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November 21, 2008


A new team will study data derived from next generation sequencing

Dr Guy A. Rouleau is pleased to announce that a group of investigators from Université de Montréal received a $2.25 million research grant for a project entitled “Emerging Team in development of strategies for uptake and analysis of nanosequencing-derived data sets and linking to disease”..


In June 2008, a group of investigators from Université de Montréal submitted an application to the Canadian Institutes of Health Research’s Emerging Team Grant: Regenerative Medicine and Nanomedicine program. “The goal of the project is to create a team of investigators that will develop strategies to analyze the large amount of DNA sequence data derived from next generation sequencing technologies in order to identify and validate genes associated with brain diseases” explained Dr. Rouleau, the leader of this newly funded team.


Next generation sequencing (or nano-sequencing) generates massive sequence data-sets that require a new level of analysis. The first challenge is to develop bioinformatics tools capable of handling such large sequence data sets and detect rare mutations causing disease. A second challenge resides in the genetic and biological validation of these rare mutations in order to confirm their role in the development of the symptoms. Clinical characterization of the symptoms and ethical issues related to the sequencing of patients' genomes will also be studied by the team. “The large scope of such a project made its completion by isolated investigators virtually impossible and only a collaborative and multidisciplinary approach can lead to success” noted Dr. Rouleau.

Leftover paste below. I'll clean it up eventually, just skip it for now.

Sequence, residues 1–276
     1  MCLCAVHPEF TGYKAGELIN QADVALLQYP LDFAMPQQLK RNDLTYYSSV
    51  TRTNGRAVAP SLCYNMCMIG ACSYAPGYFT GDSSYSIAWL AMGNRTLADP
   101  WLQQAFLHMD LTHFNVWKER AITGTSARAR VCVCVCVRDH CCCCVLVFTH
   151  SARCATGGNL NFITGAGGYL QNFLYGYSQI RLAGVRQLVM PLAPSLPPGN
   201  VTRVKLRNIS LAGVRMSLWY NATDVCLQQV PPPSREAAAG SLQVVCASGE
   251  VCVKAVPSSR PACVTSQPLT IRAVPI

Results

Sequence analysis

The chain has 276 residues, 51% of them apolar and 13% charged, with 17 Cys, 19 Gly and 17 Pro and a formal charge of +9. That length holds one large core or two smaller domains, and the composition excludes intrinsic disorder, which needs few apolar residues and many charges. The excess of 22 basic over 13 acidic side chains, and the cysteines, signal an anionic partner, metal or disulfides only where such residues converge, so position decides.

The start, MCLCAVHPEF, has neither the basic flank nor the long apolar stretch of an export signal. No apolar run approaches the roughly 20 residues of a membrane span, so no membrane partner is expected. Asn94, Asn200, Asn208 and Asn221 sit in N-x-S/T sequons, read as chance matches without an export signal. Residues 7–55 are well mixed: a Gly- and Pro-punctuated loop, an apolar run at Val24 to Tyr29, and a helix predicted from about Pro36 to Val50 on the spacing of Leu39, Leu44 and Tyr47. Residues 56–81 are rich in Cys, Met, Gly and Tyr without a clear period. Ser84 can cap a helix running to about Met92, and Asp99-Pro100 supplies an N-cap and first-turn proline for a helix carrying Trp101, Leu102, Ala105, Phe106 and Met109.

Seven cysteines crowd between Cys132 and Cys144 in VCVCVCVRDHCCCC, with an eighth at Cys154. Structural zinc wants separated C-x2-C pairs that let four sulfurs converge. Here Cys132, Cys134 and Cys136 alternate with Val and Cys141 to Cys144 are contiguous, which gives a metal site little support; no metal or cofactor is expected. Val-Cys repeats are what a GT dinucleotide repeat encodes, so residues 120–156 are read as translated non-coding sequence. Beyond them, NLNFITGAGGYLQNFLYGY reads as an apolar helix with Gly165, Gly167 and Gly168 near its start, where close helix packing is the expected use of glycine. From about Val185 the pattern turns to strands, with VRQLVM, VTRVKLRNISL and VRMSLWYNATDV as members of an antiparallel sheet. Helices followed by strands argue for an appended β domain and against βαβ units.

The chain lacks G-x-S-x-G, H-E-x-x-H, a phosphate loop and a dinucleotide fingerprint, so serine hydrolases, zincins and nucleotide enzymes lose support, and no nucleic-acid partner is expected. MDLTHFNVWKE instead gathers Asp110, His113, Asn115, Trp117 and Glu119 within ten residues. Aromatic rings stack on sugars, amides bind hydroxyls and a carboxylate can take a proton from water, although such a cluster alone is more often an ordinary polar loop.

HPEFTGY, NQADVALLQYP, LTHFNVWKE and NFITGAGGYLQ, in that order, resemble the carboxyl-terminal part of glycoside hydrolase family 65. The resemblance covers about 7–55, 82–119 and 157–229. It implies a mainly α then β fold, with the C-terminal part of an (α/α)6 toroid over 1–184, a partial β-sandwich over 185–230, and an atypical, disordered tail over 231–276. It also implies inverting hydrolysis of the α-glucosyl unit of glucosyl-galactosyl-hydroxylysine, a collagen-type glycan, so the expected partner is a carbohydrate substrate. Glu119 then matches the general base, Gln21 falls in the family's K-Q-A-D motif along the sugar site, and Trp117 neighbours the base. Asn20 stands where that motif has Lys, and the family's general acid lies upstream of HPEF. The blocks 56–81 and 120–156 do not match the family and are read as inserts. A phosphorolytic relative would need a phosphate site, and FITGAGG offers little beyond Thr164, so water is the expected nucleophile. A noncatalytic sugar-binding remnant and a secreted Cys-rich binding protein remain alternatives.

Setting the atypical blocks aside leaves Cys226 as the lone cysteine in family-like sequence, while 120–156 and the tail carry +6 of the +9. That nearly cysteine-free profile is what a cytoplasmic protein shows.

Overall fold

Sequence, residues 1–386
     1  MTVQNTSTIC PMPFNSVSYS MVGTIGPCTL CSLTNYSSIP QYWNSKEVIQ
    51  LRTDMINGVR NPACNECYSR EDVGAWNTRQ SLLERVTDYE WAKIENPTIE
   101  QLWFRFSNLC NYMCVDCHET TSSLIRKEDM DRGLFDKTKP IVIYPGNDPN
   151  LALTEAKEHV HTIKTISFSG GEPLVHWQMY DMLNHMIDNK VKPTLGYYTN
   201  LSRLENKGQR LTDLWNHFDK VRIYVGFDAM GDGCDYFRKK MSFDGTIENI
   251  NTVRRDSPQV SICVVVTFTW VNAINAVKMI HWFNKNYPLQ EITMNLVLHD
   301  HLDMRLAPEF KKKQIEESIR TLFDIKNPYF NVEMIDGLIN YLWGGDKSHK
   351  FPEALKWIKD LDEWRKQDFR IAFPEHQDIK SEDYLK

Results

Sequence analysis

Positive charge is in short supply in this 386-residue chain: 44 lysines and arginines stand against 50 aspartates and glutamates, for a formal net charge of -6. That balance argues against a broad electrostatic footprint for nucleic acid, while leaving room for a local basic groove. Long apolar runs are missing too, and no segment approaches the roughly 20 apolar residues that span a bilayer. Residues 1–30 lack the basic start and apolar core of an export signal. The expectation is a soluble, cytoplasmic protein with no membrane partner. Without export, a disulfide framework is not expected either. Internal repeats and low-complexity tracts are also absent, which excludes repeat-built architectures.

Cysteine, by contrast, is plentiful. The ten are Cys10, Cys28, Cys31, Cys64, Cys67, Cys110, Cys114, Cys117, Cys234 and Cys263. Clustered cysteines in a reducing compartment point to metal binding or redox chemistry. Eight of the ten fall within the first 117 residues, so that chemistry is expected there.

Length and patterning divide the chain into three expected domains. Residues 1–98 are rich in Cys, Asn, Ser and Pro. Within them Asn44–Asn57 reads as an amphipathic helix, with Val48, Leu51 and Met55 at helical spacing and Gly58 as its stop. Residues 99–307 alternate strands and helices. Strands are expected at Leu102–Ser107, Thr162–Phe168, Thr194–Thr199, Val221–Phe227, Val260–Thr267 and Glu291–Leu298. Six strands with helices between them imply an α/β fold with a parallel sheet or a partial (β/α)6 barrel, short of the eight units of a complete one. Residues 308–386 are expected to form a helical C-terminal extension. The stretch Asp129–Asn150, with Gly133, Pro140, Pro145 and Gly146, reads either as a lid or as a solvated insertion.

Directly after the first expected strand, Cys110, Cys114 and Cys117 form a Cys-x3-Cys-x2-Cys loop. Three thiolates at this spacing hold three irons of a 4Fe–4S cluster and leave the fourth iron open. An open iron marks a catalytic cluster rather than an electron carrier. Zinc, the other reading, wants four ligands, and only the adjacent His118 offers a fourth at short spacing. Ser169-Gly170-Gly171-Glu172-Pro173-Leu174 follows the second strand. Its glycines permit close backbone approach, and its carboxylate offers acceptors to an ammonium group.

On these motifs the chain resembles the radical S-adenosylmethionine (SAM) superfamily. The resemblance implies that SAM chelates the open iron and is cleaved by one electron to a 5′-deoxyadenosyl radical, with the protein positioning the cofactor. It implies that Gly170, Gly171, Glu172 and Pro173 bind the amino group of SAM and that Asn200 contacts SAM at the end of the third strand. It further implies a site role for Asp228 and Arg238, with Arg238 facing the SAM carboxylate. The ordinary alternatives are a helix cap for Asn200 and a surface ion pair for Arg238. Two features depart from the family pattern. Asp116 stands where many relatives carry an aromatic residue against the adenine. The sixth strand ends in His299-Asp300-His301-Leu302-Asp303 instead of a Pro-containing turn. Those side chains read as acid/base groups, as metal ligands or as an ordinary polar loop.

The team is composed of Drs Guy Rouleau, Pierre Drapeau, Michel Bouvier, Sylvain Chouinard, Marie-Pierre Dubé, Jacques Michaud, Mark Samuels, Paul Lespérance, Philip Awadalla and Bartha Maria Knoppers and combines expertise in biology, bioinformatics, ethics, population and statistical genetics, genomics, neurology and psychiatry. In order to achieve its goals, the team will focus on the screening of genomes of patients affected with Tourette Syndrome. A subset of an existing Tourette cohort will be used for nano-sequencing and the collected data will form the starting point for the development of improved procedures and software tools for the identification and validation of disease-causing mutations. Once validated, these procedures will be applied to other neurological and psychiatric disorders such as autism, schizophrenia, or mental retardation.

This new team will join the S2D Project initiative aimed at the identification of genes involved in neurodevelopmental diseases. Visit the http://www.synapse2disease.ca for more information.